I fig­ured it may be time for me to take a look at this clas­sic engine and re­flect on the mas­sive changes in trucks since the high­ways of the 1960s, ’70s and ’80s.


En­ter Trevor El­wood and his 1975 White 4000, which is af­fec­tion­ately known as the ‘Big Red Noisy Shit Bucket’. This re­stored ex­am­ple looks like it’s fallen through time from a Hume High­way that wound its way through the vil­lages, towns and cities that dot­ted route 31 be­tween Mel­bourne and Syd­ney.

Look­ing more 1970s than a Sky­hooks al­bum cover, the old White is ac­tu­ally the same age as Trev, born in 1975, but de­spite the miles that it may have trav­elled, ac­cord­ing to Trev, “It’s still bet­ter look­ing”.

Be­hind the gen­uine Russ En­gi­neer­ing bull­bar and un­der that time­less bon­net pro­file lies a nat­u­rally as­pi­rated 9.3-litre (568ci), 318hp 8V71 Detroit. Cling­ing to the back­side of the green V8 is a 15-speed over­drive Road Ranger tranny.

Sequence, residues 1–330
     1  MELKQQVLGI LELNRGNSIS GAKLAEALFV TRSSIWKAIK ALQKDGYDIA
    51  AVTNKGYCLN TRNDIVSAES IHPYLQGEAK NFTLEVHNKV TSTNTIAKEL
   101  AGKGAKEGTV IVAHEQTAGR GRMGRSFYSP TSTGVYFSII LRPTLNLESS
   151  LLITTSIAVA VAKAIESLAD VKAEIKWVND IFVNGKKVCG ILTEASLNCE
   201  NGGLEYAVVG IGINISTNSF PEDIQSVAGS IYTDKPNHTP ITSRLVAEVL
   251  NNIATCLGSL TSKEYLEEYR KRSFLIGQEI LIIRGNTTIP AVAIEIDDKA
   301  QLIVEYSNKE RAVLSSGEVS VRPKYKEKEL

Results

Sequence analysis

Into the 1980s for many, the king of the high­way was the 892TTA Detroit with its twin turbo charg­ers and seem­ingly ad­justable red­line. And while this 871 may say it’s nat­u­rally as­pi­rated, it’s ac­tu­ally tech­ni­cally su­per­charged, as all

GMs are. This is be­cause a uni­flow scav­eng­ing two stroke needs air flow just slightly higher than at­mo­spheric pres­sure to guide air and fuel though the engine. A gear-driven Roots style blower helps feed the beast. It’s kind of mildy blown.


It’s engine tech­nol­ogy that can trace its roots back to the 1930s and through World War 2. Twostroke GM diesels have pow­ered ev­ery­thing from tanks to pa­trol boats to earth­mov­ing equip­ment and air-raid sirens. It can run clock­wise or counter clock­wise, which makes it easy to mount side­ways across the back of a bus. It was a triedand-true tech­nol­ogy that served as a cor­ner­stone for many truck­ing busi­ness.